Music by Elton John. Lyrics by the Tottenham Hotspur faithful. Adulation for Son Heung-min.
Simply known as “Sonny,” the South Korean star knew he had made it in the English Premier League when his name echoed around White Hart Lane to the tune of Elton’s golden oldie classic, “Your Song.”
And we will tell everybody, he is our Son,
it may be quite simple but now that he’s on,
we hope you don’t mind, we hope you don’t mind, that we put down in words,
how wonderful Spurs are, when Son’s in the goals.
Britpop aficionados might roll their eyes and K-pop fans might wince, but when it comes to the sporting opera known as football, this is Grammy class.
Sonny, of course, is a convert.
“I just hope that people don’t forget me after 50 or 60 years,” he joked. “This feels great and I’m honored to play here, scoring goals and winning games.
“It is incredible. I am so grateful because this is a dream for me. I always say when you think positively then positive things can happen,” he added.
At age 26, Son is nearing the peak of his power, a classy forward with a tremendous work ethic and an eye for the unexpected.
A man for all seasons, this has been a special one for the special Spurs Son. He has scored 20 goals and played a key role in the North London club’s Champions League campaign, helping them to within one glittering 90-minute performance from a place in the final of Europe’s premier competition.
Despite being suspended from the first leg of Tottenham’s semi-final against Ajax last week, he will be back for the second leg in Amsterdam after a tumultuous 96 hours.
Forced to sit out the 1-0 defeat at Spurs’ new US$1.3 billion stadium, Sonny returned for the Premier League game against Bournemouth on Saturday and was uncharacteristically sent off for a reckless challenge just before half-time.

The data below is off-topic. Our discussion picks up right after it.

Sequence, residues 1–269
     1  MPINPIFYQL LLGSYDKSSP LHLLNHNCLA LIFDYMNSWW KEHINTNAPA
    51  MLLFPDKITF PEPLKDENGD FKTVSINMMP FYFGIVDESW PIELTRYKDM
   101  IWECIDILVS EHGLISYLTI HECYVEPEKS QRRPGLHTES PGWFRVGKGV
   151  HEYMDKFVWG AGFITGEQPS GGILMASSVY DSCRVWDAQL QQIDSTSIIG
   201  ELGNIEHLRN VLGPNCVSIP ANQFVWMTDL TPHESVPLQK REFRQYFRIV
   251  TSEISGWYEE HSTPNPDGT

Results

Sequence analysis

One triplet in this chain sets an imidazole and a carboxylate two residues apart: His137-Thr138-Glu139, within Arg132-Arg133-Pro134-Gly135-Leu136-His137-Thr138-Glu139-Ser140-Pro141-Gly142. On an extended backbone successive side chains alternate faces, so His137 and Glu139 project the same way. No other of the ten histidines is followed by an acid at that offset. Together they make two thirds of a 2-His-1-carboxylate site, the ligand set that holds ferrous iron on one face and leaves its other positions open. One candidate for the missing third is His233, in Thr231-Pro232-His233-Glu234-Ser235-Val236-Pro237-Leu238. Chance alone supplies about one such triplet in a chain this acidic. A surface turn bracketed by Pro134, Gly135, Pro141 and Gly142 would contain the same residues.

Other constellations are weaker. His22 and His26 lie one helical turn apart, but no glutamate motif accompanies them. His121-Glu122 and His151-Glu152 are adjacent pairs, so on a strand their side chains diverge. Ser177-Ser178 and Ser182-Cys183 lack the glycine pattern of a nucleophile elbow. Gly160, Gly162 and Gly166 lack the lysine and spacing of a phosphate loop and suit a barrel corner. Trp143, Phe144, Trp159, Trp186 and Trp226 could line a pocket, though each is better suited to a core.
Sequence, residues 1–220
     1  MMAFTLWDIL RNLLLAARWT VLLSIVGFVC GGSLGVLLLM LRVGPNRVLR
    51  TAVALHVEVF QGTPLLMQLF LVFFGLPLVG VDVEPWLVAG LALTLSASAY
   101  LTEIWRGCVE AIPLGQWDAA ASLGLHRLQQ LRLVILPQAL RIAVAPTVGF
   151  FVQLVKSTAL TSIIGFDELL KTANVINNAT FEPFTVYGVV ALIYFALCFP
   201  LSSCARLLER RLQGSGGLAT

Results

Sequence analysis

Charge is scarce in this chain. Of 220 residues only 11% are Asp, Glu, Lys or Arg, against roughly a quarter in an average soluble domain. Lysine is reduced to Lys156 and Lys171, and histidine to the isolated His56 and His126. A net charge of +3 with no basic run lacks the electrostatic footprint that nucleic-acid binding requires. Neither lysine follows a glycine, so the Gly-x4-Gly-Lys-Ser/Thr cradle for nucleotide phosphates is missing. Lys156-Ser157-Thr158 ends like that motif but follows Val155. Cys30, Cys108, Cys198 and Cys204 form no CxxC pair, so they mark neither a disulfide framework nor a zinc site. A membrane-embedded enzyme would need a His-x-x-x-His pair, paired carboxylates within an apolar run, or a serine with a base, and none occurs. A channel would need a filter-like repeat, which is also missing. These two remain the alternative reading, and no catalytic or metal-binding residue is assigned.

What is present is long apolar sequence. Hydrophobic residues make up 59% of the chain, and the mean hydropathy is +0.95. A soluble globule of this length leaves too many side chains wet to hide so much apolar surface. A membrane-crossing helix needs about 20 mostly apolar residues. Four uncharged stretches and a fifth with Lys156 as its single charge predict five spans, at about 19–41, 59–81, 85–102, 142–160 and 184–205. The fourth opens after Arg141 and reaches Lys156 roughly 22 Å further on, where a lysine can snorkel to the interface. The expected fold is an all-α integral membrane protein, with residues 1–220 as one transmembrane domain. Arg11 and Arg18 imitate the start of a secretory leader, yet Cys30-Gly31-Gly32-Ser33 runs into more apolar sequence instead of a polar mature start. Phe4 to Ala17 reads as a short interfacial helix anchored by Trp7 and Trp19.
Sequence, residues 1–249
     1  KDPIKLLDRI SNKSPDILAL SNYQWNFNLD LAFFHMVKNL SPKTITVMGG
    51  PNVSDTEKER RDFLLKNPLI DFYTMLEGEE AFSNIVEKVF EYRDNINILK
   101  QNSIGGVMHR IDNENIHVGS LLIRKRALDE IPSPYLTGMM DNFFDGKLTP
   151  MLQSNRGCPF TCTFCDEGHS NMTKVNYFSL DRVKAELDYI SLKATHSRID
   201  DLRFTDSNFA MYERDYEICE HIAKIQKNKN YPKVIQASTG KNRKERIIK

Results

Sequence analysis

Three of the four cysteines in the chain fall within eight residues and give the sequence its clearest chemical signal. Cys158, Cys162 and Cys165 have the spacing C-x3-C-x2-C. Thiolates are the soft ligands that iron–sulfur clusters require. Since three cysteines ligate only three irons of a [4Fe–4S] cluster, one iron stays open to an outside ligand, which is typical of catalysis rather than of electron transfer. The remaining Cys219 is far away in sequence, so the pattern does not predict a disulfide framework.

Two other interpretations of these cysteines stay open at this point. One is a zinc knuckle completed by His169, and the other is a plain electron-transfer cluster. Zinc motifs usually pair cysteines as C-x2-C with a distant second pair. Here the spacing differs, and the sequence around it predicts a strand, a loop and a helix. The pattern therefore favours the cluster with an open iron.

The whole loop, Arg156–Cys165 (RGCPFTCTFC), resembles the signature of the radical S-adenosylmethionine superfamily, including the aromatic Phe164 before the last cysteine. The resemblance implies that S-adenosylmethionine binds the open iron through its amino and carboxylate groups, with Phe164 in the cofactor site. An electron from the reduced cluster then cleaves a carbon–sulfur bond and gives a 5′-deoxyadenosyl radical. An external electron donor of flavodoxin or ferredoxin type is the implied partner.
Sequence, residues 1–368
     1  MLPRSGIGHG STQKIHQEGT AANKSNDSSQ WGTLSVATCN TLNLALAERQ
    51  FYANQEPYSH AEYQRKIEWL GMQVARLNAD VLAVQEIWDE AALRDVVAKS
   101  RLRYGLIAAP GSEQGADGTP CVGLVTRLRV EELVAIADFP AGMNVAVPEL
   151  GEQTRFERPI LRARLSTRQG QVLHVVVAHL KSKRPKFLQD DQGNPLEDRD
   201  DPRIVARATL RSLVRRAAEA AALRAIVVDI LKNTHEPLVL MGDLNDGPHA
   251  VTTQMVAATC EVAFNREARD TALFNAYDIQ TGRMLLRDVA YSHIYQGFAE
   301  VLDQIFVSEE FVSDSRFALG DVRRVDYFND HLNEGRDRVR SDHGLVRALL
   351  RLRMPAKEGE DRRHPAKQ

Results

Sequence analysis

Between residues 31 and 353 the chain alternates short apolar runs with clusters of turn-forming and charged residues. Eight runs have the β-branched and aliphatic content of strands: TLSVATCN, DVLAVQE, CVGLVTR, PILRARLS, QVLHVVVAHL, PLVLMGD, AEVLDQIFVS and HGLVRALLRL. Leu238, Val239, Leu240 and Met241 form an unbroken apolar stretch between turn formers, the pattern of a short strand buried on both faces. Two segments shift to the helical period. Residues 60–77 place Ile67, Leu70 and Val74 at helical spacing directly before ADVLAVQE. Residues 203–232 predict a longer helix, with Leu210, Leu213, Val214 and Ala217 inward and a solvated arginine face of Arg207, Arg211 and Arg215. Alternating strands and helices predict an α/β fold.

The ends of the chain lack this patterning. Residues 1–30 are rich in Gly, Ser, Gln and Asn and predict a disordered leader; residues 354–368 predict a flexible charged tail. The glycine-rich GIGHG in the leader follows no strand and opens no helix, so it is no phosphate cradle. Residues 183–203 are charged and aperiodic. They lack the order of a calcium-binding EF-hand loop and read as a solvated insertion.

It was hardly the dress-rehearsal he was looking for as Tottenham prepare for their European date with destiny in the early hours of Thursday morning for live-streaming Asian fans.
“It’s going to be difficult, but it’s still open,” Mauricio Pochettino, the Spurs manager, said. “It’s about preparing for the second leg. It will be tough for us, but also tough for them.”
Son has added impetus to their Champions League ambitions. His three goals against Manchester City in the quarter-finals guaranteed Tottenham a place in the last four for the first time in 57 years.
His performance was out of this world.
“There are tons of articles about Son and Spurs in the sports news in [South] Korea and many people are interested in Spurs,” Sol Chan-won, the chairman of South Korea Spurs, said on Tottenham’s website.
“His goals have triggered an explosion of interest in his performances and Spurs from our Korean Spurs community,” he added.
Sonny’s rise has been literally meteoric. His online profile is staggering while in South Korea he is considered a football god.
A study commissioned by Nielsen Sports has revealed that he has nearly two million followers on social media. In turn, this has made him Asia’s most popular athlete ahead of Japan’s Shinji Kagawa, who plays for Turkish club Besiktas.
At home, he is treated like a “rock star,” and is mobbed by adoring fans where ever he goes.
“Do I feel like an ambassador for my country?” Son asked. “Of course, I have to be. Another example: when we play at 3 pm, it’s midnight in Korea. When we play in the Champions League at 8 pm, it’s five in the morning and they still watch on TV.
“I have to pay back; I take a lot of responsibility,” he told The Guardian newspaper in London.
Still, his pulling power is quite remarkable. Robbie Kruse, a former team-mate when Sonny was playing in the German Bundesliga with Bayer Leverkusen, recalled the day when more than 30,000 fans turned up to see him in a Seoul shopping mall during a pre-season tour of South Korea.
“It was like being with a rock star,” Kruse said.
Son now wears a baseball cap and sunglasses when he returns to his homeland because he is worried that people will end up being injured by the large crowds that would otherwise follow him around.
It is this humble approach to life that has endeared him to two countries separated by a common language – football.
“My father told me when I was young that if I was through on goal but an opponent fell and hurt themselves, I should put the ball out and check on the opponent. Because if you’re a good footballer but don’t know how to respect others, you’re nobody,” he said.
For a certain Mr Son-body, there is no danger of that.